Keeping California Wet (Not Flooded) Is Expensive

The Oroville Dam crisis shows us the dangers of not spending enough to maintain -- or build -- infrastructure.

Spray from water coming down the damaged main spillway of the Oroville Dam explodes over rocks Tuesday.

Photographer: Elijah Nouvelage/Getty Images

Just before Christmas in 1955, the northern two-thirds of California were drenched by what meteorologists nowadays call an atmospheric river -- a gusher of warmish precipitation from the Pacific Ocean tropics. Storms earlier that month had piled up snow in the Sierra Nevada mountains, but the atmospheric river delivered rain up to an elevation of about 10,000 feet. The rain, and the melting snow, sent rivers over their banks in much of the state -- as well as in parts of Oregon, Nevada, and even Washington and Idaho.

The worst flooding was along the Feather River, which pours out of the mountains northwest of Lake Tahoe into the Sacramento Valley. On Dec. 23, the flow at the foothill town of Oroville peaked at 203,000 cubic feet per second -- more than twice the average discharge of the Missouri River when it hits the Mississippi at St. Louis. This flooded a few houses in Oroville, but the real damage came down on the valley floor. In Yuba City, about 30 miles downstream from Oroville and 45 miles upstream from Sacramento, a levee broke in the middle of the night, flooding most of the city and killing 38 people. Overall more than 382,000 acres in the Sacramento Valley were submerged, some for months.

Clearly something needed to be done. That something was building what at the time was the world's tallest dam -- about as tall as the MetLife Building in Manhattan  -- on the Feather River just upstream from Oroville. Yes, the same dam (or least the same dam complex; the problems were with a spillway and emergency spillway just north of the actual dam) that almost 200,000 downstream residents were instructed to flee from earlier this week. Those people are now returning to their homes, but I doubt they'll be able to breathe easy until the rainy season ends in April or May.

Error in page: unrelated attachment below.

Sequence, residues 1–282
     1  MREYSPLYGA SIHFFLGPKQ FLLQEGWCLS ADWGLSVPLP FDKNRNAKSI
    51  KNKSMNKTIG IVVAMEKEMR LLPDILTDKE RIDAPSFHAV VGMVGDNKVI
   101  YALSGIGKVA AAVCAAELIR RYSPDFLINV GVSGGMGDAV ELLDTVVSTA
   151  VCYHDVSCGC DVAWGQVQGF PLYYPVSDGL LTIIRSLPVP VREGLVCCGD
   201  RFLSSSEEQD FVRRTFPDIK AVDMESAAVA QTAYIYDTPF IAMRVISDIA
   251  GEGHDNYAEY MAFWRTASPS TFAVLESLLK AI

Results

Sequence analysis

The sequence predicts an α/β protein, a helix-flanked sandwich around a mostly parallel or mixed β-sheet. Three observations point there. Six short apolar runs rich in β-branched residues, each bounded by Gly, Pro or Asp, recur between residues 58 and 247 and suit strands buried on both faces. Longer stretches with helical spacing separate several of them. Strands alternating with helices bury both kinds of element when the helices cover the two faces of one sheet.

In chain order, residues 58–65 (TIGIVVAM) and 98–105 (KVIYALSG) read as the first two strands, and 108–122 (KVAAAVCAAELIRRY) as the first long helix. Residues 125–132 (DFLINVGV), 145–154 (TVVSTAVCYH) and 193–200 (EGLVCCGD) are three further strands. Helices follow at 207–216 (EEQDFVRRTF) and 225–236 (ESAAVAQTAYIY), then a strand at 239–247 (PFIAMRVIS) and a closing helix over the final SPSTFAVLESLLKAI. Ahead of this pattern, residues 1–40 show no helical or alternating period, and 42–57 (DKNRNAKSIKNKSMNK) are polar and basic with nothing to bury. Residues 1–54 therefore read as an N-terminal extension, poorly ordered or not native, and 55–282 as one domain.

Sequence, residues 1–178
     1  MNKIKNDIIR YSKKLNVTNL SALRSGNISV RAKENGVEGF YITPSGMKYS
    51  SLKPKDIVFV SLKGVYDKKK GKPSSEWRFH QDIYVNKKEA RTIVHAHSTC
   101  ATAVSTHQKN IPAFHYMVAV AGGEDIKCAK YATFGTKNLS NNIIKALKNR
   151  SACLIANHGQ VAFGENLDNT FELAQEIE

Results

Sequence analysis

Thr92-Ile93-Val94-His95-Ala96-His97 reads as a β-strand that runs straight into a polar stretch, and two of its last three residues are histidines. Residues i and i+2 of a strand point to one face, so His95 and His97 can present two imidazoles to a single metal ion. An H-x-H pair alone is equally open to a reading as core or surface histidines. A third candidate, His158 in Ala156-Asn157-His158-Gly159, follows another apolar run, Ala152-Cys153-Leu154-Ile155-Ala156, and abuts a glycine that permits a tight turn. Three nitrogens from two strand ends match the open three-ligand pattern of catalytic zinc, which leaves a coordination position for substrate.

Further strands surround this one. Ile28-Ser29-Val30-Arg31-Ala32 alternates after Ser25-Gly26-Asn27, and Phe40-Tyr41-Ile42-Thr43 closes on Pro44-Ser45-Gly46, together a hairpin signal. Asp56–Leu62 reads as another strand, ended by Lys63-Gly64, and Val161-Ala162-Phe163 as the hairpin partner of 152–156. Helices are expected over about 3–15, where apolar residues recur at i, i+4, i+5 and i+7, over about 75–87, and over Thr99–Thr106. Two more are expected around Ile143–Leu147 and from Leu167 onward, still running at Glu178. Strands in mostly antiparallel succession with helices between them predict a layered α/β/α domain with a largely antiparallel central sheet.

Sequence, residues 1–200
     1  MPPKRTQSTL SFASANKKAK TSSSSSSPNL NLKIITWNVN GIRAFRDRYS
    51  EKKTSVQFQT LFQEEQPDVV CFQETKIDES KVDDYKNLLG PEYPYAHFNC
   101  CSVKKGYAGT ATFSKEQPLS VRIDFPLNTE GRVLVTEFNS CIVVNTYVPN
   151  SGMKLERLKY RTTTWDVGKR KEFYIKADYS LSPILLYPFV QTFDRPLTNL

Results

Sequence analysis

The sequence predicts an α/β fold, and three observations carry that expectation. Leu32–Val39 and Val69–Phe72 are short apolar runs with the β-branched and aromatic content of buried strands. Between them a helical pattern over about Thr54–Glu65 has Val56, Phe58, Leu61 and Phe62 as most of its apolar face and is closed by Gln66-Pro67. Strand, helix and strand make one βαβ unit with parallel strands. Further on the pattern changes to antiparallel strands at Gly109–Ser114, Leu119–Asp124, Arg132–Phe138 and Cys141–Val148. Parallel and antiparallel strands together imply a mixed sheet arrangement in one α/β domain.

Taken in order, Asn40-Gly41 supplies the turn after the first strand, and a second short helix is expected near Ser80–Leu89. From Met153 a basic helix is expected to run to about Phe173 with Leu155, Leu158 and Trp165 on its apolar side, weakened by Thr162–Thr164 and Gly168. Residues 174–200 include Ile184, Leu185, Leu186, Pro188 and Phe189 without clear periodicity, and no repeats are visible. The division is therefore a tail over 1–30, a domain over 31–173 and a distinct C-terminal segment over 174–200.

So that's one lesson from this week's scary events in Oroville and environs: Even with the massive water-management infrastructure built by the state of California and the federal government in the 1930s through 1970s, the state's really wet years remain really dangerous.

What are some of the other lessons? I've been reading a lot of coverage of the Oroville near-disaster (and maybe still-to-be-disaster), and I've discerned two main narratives.

One is that the state and federal governments failed to take the safety of the dam and its spillways seriously enough, in part because the main users of the water from the dam (Southern California cities and San Joaquin Valley farmers) didn't want to pay for it. The San Jose Mercury News reported that, 12 years ago, environmental groups had pushed for improvements in the emergency spillway as part of the dam's relicensing process, but their concerns were brushed aside by the Federal Energy Regulatory Commission and state Department of Water Resources. Meanwhile, the San Francisco Chronicle discovered that while state dam safety inspectors had checked out the emergency spillway at Oroville 14 times since 2008, they apparently "never considered the integrity" of the hillside below that turned out to be the source of last weekend's disaster fears.